As you can see here in our example, The Wizard of Oz has all the elements of great fiction: a sympathetic heroine, a great cast of supporting characters, exciting events, a menacing adversary, a particularly dark moment, clear character growth, and a satisfactory resolution to an unexpected ending (which, by the way, are all the elements for a great plot).


How can I build my own synopsis to that level of great fiction, you may very well ask? By asking yourself these questions:


1) Who is the story about? What does she want? Why does she want it? And what's keeping her from getting it?


2) What is the inciting moment? When exactly does the story take off?


3) What actions does the main character take that drive the plot forward? What are some of the key plot turning points?


4) What is the black moment? How does this affect the main character? What does it make her do?


5) Don’t forget to include the resolution. How does the story end? What has the main character learned or achieved?


In a romance novel you must also show the development of the romance. The inciting moment should show when the hero and heroine first meet. Woven throughout your synopsis you should include how they react to their first kiss, as well as showing their reactions when they first sleep together. This should lead to how the hero and heroine will finally commit. You should show their barriers breaking down and show the choices they must face before true love conquers all.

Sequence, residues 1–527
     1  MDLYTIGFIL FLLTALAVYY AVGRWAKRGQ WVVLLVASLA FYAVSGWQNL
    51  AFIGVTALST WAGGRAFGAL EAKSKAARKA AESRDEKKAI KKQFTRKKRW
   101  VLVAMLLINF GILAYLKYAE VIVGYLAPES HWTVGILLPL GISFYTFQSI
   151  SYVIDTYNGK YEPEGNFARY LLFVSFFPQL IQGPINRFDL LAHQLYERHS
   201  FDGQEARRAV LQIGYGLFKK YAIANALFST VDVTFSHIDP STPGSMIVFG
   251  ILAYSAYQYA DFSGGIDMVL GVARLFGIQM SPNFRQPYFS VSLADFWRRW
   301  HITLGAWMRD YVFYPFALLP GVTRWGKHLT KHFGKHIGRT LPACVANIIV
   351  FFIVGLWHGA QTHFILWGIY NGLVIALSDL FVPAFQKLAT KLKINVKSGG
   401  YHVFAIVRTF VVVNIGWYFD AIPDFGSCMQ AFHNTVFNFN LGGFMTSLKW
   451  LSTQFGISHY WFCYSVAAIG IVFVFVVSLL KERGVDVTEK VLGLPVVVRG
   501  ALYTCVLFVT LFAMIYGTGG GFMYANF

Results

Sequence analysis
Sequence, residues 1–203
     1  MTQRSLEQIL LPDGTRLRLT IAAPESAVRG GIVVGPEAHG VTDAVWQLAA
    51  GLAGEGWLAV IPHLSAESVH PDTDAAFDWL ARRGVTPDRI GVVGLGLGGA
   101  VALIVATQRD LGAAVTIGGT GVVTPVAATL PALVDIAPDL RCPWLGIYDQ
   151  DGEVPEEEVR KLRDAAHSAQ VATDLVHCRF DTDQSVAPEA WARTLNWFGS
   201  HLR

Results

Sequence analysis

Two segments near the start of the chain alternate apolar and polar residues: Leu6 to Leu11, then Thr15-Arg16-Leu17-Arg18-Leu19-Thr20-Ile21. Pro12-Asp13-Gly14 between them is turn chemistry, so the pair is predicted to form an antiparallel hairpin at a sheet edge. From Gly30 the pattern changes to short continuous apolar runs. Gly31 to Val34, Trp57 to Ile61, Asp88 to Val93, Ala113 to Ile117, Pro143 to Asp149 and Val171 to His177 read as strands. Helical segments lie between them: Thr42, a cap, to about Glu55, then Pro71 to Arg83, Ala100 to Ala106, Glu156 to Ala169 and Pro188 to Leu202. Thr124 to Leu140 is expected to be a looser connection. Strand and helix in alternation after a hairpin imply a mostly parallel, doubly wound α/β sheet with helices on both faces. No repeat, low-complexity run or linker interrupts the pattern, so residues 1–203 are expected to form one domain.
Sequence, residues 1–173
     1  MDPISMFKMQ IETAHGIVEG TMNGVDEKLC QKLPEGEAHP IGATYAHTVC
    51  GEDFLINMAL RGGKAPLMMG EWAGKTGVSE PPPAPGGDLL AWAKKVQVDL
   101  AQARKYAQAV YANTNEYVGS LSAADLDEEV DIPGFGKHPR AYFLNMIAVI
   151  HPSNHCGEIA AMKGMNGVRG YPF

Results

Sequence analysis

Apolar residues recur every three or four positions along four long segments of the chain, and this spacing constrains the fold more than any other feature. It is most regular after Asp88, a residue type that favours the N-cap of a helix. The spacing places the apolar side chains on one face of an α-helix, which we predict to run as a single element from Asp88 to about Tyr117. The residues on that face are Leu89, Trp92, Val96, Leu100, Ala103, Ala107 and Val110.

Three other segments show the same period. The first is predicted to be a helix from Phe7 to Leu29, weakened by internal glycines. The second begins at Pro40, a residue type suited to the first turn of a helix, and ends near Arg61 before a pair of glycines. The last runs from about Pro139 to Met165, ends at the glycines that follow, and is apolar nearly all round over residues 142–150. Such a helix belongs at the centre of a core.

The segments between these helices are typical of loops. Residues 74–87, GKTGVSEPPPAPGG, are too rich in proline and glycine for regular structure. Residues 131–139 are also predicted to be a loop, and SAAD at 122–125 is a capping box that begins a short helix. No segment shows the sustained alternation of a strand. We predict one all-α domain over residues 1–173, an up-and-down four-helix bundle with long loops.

Take your short synopsis and build it up. Question yourself as you write your new and improved synopsis in order to give the enhanced version more detail. In a longer synopsis include such information as theme, tone, setting, and time period. Add more action points and barriers and the reactions to these barriers, but do not add bits of ‘filler’ description. Even in a longer synopsis you need give only the things that are really necessary. Leave out all the fluffy descriptive phrases describing the sunset and your main character’s hair and eye colours.


A few technical pointers to keep in mind when writing your synopsis:


1. The synopsis should be written in narrative form and in the present tense.


2. Use strong verbs to describe the plot and precise adjectives to describe the main character.


3. Don’t ever leave the editor hanging; give her everything upfront including fascinating plot twists.


4. Unless otherwise specified, double-space your synopsis in Courier New 12, and make sure your name appears at the top of the page along with an address or email address. You don’t want the editor to love it only to find there’s no record of who wrote it.


5. KISS – Keep It Short & Simple


Writing a synopsis may sound a little like making magic, but it isn’t. Know who and what your story is about, tell it in as engaging and concise a manner as possible, and the editor will be sure to ask to see your manuscript in full. Then the real magic begins.